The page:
Long-term, fiber is set to replace copper and coaxial media worldwide. This race has been going on for a long time – in fact, it started back in the inter-office networks of the 1980s. There are several megatrends that support fiber growth.
CEO AT JCAREY
For example, around the world, we’re seeing continued expansion and acceleration of data consumption via wireline and wireless networks, as well as Fiber Densification and IoT. 5G will be scaling up dramatically in 2020.
Today, everyone is carrying around smart mobile devices. However, it’s only been 12 years since the introduction of the iPhone, which really took off a year later with the introduction of the app store and availability of an SDK for developers. Data usage exploded as a result. Looking at devices and traffic, smartphones will account for more than 50% of connected devices globally. The number of global smartphones is projected to reach 6.2 billion by 2021, almost double the 3.6 billion devices that were in circulation in 2016. This is essentially the continuation of a trend that has been going on for many years
Data consumption continues to grow and will increase significantly, with mobile video continuing to consume the largest percentage of bandwidth. Mobile Data Growth is indicative of a ‘virtuous cycle’: demand is fuelling network evolution, which, in turn, leads to ever-greater demand, or as Jim Collins would say “a flywheel”. However, in the case of 5G, network development definitely comes first. Although 4G, 4G LTE, 5G and are wireless, the supporting network is wired, and needs a significant amount of fiber. Although, the connection from the mobile device and the closest tower is wireless, everything else is wired. Or, you might say:,”There ain’t much wireless in wireless networks”! Without fiber backhaul, there’s simply no way to carry the needed data.
The Internet of Things (IoT) is a big game changer when it comes to cell densification. There are already more connected things than people in the world. Analysts at Gartner calculate that around 8.4 billion IoT devices were in use in 2017, up 31% from 2016, and this will likely reach 20.4 billion by 2020. In June 2017, Deloitte estimated that the US would need significantly more fiber infrastructure over the next five to seven years requiring an investment between $130 billion and $150 billion. That’s approximately 4.3 times Verizon’s and AT&T’s entire capital budget run rates over the last few years. They point out that service providers are increasingly investing in satellite TV, advertising, content and advanced business services, but not fiber – even though wireline broadband networks carry as much as 90% of all internet traffic, regardless of the end-user access device. Furthermore, rural America is hugely underserved, require dedicated investment and focus.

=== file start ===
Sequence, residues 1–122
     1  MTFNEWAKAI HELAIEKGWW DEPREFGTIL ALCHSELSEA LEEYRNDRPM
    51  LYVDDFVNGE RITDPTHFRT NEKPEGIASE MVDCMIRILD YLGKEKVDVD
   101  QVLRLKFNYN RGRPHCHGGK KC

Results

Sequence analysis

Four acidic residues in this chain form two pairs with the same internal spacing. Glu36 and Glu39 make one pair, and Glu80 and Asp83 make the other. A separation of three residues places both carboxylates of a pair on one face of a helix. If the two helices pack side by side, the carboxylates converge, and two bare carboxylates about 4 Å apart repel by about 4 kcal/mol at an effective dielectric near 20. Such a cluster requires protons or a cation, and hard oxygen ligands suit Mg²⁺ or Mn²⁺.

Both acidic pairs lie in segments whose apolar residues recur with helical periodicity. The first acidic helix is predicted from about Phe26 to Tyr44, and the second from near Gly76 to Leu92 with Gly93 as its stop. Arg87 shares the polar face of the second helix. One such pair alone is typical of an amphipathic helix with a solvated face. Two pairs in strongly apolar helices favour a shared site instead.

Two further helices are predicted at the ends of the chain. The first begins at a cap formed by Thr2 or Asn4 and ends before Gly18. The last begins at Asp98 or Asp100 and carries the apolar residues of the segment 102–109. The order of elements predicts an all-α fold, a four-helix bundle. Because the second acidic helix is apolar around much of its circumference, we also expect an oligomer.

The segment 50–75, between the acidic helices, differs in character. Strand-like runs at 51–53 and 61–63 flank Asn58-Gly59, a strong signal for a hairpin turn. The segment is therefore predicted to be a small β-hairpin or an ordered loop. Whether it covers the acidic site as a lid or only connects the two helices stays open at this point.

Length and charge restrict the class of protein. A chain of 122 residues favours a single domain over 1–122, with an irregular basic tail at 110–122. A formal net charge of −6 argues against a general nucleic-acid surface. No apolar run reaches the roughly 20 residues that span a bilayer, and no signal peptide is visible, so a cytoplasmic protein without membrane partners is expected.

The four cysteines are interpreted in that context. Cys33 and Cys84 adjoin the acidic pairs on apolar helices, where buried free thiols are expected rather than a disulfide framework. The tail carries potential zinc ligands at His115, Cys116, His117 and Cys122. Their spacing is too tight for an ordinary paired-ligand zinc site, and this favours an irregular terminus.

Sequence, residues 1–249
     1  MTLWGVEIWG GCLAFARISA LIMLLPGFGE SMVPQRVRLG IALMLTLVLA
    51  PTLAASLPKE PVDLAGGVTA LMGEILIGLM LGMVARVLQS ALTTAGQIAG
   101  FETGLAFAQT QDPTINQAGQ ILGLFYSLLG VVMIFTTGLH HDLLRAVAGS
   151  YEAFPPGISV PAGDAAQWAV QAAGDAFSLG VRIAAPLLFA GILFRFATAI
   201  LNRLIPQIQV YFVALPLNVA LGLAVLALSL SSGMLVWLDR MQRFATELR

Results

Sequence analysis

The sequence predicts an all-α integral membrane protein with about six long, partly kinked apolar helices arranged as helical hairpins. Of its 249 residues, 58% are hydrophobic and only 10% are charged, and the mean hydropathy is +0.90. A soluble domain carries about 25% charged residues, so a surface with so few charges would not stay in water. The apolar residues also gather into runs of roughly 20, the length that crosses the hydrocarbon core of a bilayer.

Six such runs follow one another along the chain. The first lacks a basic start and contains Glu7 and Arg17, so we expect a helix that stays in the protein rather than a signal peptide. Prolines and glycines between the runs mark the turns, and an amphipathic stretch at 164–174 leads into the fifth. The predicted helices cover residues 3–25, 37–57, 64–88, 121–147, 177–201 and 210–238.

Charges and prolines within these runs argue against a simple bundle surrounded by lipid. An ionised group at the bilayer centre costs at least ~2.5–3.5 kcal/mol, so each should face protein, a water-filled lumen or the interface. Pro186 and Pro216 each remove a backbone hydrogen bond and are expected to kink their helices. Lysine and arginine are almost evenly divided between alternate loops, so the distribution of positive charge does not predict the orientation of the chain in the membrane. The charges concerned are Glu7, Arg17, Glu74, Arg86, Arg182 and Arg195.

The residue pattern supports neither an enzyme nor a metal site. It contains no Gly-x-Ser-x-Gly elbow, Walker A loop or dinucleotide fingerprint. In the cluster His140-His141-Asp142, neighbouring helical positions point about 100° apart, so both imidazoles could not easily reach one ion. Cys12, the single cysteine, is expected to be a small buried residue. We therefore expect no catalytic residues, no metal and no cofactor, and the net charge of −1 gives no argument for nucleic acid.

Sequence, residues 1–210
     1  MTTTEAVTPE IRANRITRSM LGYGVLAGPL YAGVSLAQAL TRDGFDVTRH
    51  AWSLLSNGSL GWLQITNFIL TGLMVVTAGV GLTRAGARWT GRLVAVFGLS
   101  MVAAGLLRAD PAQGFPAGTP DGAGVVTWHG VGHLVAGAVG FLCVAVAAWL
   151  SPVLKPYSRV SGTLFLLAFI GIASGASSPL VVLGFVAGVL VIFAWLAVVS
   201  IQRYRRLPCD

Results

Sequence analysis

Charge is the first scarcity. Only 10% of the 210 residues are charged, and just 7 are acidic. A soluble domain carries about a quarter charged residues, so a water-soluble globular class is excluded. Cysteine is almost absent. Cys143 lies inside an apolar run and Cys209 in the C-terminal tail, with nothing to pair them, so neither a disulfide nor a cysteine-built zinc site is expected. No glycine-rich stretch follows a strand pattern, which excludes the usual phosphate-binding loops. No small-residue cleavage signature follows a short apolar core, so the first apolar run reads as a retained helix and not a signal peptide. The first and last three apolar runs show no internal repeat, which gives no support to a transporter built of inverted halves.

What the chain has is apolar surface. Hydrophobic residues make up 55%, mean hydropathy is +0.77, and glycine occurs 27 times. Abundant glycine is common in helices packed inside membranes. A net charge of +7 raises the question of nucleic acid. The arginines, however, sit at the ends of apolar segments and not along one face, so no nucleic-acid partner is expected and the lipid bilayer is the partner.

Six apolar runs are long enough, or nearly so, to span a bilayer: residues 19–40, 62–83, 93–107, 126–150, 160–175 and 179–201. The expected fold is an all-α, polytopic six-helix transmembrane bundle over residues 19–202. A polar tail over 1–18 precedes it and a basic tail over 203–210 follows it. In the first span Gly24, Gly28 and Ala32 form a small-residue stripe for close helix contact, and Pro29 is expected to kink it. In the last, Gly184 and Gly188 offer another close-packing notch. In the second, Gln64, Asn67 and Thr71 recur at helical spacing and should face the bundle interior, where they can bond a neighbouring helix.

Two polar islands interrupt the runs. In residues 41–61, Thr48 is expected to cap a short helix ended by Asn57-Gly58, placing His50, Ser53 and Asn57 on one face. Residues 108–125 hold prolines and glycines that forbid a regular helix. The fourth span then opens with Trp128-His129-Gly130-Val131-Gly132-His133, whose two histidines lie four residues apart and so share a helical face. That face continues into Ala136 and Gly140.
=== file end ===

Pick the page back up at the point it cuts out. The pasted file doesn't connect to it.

More and more people are using smartphones, tablets and computers, and we’re moving towards a world in which countless devices are interconnected. Fiber is the only medium that can carry all the data generated today and in the future. To have sufficient capacity in place to meet future needs, it is vital to ensure manufacturers in the US and the rest of the world can meet a significant step up in fiber demand. That requires close examination of any weak links in supply chains, and the extent to which these might be exposed to tariff policy and risks. Manufacturers need to be aligned with large carriers’ public policy initiatives and there needs to be an understanding that going for quick wins is not the way forward. Furthermore, those in charge of laying out networks need to understand the cost isn’t in the fiber, but some 80% of the investment is needed for digging and rolling out ducts. Fortunately, manufacturers such as Prysmian are packing more fiber into those ducts - and that densification is essential to investment decisions and the business case.